This article was originally published on Open Mind

“…In the late Pleistocene—about 14,000 years ago— modern humans (Homo sapiens) had already arrived in Europe. At that time —by the end of the last ice age—, lions, reindeer, wild horses and bison roamed Europe and legendary mastodons lumbered across North America. Scientific evidence indicates that the wild world was peering over the precipice, due in part to the intense hunting activity practiced by humans.

After thousands of years of agriculture and raising livestock, and the massive deterioration of ecosystems worldwide, populations of amphibians, fish, reptiles, mammals and birds have decreased globally by almost 60% between 1970 and 2014. This loss not only implies the almost total disappearance of charismatic species such as the white rhinoceros, the panda, the Bengal tiger and the Sumatran elephant, but also of their functions in the ecosystems.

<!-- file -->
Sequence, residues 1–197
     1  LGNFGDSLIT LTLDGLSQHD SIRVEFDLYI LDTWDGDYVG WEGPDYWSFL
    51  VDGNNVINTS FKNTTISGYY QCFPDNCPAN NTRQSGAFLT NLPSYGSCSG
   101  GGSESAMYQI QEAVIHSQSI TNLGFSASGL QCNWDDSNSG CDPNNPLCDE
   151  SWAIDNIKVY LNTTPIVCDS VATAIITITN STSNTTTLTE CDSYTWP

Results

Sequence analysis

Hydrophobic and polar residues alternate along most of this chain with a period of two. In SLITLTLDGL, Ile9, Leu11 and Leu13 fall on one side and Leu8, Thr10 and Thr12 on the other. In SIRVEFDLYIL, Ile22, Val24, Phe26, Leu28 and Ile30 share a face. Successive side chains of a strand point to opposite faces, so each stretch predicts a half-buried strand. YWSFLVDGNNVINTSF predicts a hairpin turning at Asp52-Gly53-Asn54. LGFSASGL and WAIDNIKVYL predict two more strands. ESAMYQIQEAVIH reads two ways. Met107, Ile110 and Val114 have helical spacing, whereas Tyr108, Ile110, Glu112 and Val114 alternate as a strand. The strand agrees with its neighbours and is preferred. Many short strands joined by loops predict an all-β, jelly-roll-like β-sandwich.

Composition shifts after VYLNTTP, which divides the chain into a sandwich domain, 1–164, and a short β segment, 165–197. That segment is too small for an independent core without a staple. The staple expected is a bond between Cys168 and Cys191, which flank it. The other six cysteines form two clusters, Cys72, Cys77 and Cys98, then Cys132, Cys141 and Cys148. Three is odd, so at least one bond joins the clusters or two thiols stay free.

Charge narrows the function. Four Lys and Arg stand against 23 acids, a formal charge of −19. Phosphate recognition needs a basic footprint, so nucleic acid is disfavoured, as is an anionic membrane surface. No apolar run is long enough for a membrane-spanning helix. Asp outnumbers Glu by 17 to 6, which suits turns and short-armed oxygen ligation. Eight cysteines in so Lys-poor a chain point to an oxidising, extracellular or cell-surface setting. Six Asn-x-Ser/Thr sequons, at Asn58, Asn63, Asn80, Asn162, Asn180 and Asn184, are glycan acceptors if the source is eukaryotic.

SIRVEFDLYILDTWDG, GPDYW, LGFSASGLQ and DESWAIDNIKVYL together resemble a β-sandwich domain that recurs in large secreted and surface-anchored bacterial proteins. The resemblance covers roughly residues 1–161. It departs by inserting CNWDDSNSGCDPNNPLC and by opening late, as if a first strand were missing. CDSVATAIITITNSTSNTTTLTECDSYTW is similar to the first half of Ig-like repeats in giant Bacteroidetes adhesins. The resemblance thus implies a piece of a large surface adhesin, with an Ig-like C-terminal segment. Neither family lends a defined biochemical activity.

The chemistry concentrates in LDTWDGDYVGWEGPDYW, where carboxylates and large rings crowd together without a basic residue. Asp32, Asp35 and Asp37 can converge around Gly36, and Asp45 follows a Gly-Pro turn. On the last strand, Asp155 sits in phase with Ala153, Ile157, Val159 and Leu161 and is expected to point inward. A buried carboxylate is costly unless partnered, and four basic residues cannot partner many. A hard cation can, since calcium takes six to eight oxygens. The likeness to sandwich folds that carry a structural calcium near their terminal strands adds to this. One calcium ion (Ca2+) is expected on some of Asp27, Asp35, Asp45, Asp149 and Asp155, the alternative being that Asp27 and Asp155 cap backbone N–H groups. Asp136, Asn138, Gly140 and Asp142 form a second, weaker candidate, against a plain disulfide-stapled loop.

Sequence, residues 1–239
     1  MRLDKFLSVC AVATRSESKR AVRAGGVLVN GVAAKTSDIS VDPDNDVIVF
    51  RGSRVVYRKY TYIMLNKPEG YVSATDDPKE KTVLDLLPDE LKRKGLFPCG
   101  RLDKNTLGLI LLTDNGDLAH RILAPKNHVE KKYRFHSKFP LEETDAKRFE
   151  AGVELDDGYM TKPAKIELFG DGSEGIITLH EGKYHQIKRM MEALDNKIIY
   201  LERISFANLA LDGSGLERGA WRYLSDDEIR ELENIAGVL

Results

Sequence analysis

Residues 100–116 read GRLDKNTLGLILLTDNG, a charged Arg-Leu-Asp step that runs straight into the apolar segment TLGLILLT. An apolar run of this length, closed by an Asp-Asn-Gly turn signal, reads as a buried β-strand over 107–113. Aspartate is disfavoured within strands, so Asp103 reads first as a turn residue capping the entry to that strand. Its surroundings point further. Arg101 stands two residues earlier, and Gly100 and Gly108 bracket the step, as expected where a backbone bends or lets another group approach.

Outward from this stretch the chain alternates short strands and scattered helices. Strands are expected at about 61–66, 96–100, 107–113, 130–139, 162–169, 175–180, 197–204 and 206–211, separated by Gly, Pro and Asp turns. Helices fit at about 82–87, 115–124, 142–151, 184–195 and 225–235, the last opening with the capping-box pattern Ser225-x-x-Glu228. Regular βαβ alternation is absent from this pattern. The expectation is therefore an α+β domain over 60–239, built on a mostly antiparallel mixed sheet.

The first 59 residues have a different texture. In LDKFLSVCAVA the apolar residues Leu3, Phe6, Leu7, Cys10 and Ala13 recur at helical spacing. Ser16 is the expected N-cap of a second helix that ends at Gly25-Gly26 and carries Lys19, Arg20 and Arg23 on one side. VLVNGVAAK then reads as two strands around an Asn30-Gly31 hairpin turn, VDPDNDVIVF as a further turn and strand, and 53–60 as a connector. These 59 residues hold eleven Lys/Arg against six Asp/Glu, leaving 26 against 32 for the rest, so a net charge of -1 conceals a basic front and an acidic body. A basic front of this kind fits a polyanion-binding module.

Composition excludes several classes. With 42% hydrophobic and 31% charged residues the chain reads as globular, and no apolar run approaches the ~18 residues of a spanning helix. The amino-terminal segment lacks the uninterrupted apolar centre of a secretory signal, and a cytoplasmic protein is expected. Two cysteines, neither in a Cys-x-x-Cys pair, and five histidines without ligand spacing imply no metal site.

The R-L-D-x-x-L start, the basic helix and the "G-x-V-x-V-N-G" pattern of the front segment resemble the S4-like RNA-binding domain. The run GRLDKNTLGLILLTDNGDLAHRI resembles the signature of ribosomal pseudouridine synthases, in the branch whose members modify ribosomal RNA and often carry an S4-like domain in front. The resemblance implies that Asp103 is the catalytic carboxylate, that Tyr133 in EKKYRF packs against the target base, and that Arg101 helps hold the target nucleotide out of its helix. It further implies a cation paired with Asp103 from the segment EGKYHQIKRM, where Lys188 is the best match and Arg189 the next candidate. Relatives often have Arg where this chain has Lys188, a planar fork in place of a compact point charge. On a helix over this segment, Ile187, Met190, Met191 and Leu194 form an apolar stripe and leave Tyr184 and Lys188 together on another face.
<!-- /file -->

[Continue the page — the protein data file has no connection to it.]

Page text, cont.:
The return of missing animals

To restore these lost worlds, conservation science increasingly relies on what is known as trophic rewilding: the reintroduction of missing animals or those with very small populations, from elephants to giant tortoises, from rhinoceroses to bison, to restore trophic chains—the famous “who eats who” in the wild—and that ecosystems regulate themselves.

The most famous case is the reintroduction of wolves into Yellowstone National Park (USA) in the 1990s, and almost the only one in which there is no doubt that the ecosystem changed: the density of deer decreased and large areas of forest were recovered. Rewilding now refers not so much to a form of conservation of species on the verge of vanishing completely, like the Iberian lynx in Spain, but to rewilding large expanses of territory, particularly with large herbivores…”

Read on at: Open Mind.